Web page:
Simonetta Lein was a fashion icon and sought-after model in her home country of Italy.
Simonetta Lein, 36, is that rare combination of beauty, intellectual achievement and humanitarian good deeds that are impossible to ignore. Lein, who has been called a "celebrity wishmaker" in the press and a "the number one fashion influencer in the Philadelphia area," was brought to our attention by Julie and John O'Connell, a realtor, who held a fundraising event in their West Gravers Lane home for Lein's Wish Wall Foundation, a nonprofit that attempts to make wishes come true.
Lein, whose parents are both doctors, has a fine arts degree from the Academy of Fine Art in Rome and an honorary doctorate from the Universita Tiberina Ponte Sicia in Rome. Born and raised in a region of Northern Italy called Friuli Venezia Giulia, she and her husband, Raphael Amabile, moved to East Falls in 2015.
"We sold everything we had and left Italy," Lein told us in an earlier interview. "Raphael is originally from North Jersey, but we fell in love with Philadelphia. We love it here."
Lein was a columnist for Vanity Fair Italy and served as Brand Ambassador to several of Italy's top luxury fashion, accessory and beauty brands. She appeared many times on TV in Italy, and her first book, "Everything Is Possible: A Novel About the Power of Dreams," published by Sperling & Kupfer in 2013, was a best-seller in Italy. A digital, English-language version is available from Amazon.
The Italian transplant has also been a contributing fashion and lifestyle journalist and celebrity interviewer (opera singer Andrea Bocelli, chef Lidia Bastianich, etc.) for The Huffington Post, Italo Americano, Vogue Italia, Elle Italy, D di Repubblica and other publications.
Lein has been featured locally on Fox-TV29, CBS-TV3 and WMCN Philadelphia. In 2015, Lein founded the charitable organization, The Wish Wall Foundation. Its website provides a space for people from around the world to post their deepest wish or desire on its "Wish Wall." The 501C-3 foundation then collaborates with other nonprofit groups to try to make some of the wishes come true.
"So I know how to use social media tools for good," Lein told us last week. "This my dream. My parents taught me to leave the world a better place than I found it. We can give money and also do good. It is huge work, but it is a dream for me."
As a model, Lein has been featured in Vogue Italia, Vanity Fair Italy and Cosmopolitan, and she has modelled for several fashion designers. She is also the CEO and co-founder of Ausonia Partners, a media and public relations agency headquartered locally.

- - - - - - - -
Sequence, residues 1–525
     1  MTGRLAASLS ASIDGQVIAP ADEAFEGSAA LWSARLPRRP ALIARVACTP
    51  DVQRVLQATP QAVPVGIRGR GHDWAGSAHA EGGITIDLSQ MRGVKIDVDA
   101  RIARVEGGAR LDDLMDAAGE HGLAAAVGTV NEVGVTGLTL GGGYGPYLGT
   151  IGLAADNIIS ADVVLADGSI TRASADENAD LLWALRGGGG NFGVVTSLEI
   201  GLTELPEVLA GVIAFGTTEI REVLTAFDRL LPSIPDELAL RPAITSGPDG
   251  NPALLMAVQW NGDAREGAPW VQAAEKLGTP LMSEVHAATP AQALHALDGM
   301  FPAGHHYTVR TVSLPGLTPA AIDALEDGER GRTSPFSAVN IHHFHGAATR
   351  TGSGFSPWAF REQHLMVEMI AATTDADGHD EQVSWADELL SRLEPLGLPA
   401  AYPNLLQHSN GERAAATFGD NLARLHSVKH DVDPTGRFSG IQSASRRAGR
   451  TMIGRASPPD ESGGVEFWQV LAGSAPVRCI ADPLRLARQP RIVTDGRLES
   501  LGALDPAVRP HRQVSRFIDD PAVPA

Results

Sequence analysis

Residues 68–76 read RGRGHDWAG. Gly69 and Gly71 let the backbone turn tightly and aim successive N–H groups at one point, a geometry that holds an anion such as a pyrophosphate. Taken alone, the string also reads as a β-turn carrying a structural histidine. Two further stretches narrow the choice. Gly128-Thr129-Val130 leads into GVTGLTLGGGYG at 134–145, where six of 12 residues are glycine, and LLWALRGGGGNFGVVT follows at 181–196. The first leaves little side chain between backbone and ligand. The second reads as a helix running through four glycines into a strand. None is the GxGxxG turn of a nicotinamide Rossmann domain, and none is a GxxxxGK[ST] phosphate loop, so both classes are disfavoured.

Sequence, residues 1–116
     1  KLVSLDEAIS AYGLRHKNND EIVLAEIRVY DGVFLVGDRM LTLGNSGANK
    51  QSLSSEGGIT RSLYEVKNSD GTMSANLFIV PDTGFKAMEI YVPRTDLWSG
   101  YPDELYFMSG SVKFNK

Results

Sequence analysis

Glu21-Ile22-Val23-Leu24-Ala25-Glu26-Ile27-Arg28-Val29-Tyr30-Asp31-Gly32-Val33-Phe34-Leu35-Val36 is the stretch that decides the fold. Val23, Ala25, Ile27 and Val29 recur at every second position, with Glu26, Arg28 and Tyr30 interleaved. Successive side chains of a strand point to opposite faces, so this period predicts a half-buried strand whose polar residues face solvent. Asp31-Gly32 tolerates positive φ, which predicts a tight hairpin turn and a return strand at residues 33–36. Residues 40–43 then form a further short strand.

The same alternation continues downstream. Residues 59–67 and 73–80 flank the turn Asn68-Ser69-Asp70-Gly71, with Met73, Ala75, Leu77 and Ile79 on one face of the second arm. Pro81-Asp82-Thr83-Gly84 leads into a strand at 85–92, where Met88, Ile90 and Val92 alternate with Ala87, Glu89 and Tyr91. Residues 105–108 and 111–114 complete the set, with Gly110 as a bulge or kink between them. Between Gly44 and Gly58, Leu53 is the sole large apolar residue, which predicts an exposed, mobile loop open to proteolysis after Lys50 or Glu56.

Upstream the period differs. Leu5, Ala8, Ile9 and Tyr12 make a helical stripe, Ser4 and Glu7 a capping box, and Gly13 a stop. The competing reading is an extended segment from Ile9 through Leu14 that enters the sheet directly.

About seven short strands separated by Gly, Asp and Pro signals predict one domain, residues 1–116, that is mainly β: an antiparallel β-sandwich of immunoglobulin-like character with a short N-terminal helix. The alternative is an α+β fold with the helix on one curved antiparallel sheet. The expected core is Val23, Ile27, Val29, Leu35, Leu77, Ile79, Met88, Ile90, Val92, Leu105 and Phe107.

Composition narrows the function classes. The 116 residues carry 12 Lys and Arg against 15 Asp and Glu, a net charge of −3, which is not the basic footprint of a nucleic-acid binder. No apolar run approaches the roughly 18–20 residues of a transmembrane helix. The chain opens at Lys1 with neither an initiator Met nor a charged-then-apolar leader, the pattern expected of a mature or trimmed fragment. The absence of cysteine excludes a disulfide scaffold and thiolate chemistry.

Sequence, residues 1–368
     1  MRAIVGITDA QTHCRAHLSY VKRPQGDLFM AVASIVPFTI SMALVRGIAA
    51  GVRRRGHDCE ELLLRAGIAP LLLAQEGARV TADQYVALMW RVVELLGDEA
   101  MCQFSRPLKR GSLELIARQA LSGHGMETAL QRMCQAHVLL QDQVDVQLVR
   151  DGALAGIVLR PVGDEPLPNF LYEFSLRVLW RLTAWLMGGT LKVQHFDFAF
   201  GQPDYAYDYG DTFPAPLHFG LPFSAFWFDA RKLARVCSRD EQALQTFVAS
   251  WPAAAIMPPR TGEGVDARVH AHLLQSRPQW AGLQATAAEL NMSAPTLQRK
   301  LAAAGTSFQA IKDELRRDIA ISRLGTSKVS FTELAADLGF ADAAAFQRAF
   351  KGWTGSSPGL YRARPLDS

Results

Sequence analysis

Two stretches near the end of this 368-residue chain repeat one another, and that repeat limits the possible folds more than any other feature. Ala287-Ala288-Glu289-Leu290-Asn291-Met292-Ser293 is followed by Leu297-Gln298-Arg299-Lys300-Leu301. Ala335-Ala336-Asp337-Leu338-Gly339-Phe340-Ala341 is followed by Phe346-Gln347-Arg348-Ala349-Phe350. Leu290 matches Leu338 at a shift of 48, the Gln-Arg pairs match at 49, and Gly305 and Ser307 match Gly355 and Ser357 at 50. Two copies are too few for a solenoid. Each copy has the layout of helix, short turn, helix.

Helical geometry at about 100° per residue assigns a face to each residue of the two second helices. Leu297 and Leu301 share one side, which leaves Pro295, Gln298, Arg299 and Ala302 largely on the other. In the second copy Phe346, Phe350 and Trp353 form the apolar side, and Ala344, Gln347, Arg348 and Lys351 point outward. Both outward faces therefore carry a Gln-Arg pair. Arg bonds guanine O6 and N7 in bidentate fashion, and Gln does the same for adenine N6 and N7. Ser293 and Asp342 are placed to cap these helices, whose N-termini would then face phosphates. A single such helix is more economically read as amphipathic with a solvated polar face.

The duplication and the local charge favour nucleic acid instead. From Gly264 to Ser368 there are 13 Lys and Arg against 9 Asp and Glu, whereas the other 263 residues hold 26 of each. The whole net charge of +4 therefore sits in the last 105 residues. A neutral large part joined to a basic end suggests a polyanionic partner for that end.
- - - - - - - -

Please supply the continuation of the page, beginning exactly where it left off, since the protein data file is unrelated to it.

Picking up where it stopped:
One recent project by the Wish Wall Foundation was for a nurse in Tampa who had converted a truck into a mobile clinic that goes into low-income neighborhoods. She needed an EKG machine and monitor, which she did get as a result of efforts by the Wish Wall Foundation.
Another recent project was on behalf of Dignity Housing, a Germantown nonprofit that is the first housing and supportive services program in the nation to be founded and guided by homeless people and activists. They provide housing and services to thousands of local residents, mostly single African American women, some victims of domestic abuse, and their children.
The Wish Wall Foundation recently gave them boxes filled with new toiletries, "packages of love," clothing, notebooks, school supplies, headphones, an activity day for kids and a playground for the children with picnic tables and benches. "It was so wonderful talking to the kids and encouraging them," said Lein. "I loved it."
The foundation's efforts are not limited to helping the poor and homeless in this country. In the Philippines they donated money to 180 children who had to walk an hour and a half to go to school but had no shoes.
"We gave them shoes and school supplies and a one-day event with a magician and other entertainers," said Lein. "I still have a happy image of the children. It was the first time they ever ate ice cream."
In Nigeria, Lein is working with a nonprofit called "I Love to Read."
According to the Italian import, "So many of the children there cannot read and write. We did a project with 100 girls. We had a great day for them and gave them backpacks, shoes, etc. A local artisan there made the backpacks and said it was her largest commission ever, so it was a real win-win, a wish within a wish."
Another project in Nigeria is called the Simonetta Lein Literacy Competition. Every participating child gets books, and some get laptops and other electronic devices.
"I was humbled by the fact that they named it after me. We want to teach the women a usable skill. We donated sewing machines to 40 women along with two weeks of training. Women empowerment is my commitment. Maybe we'll do another fundraiser in Chestnut Hill next spring.
Leave Your Comments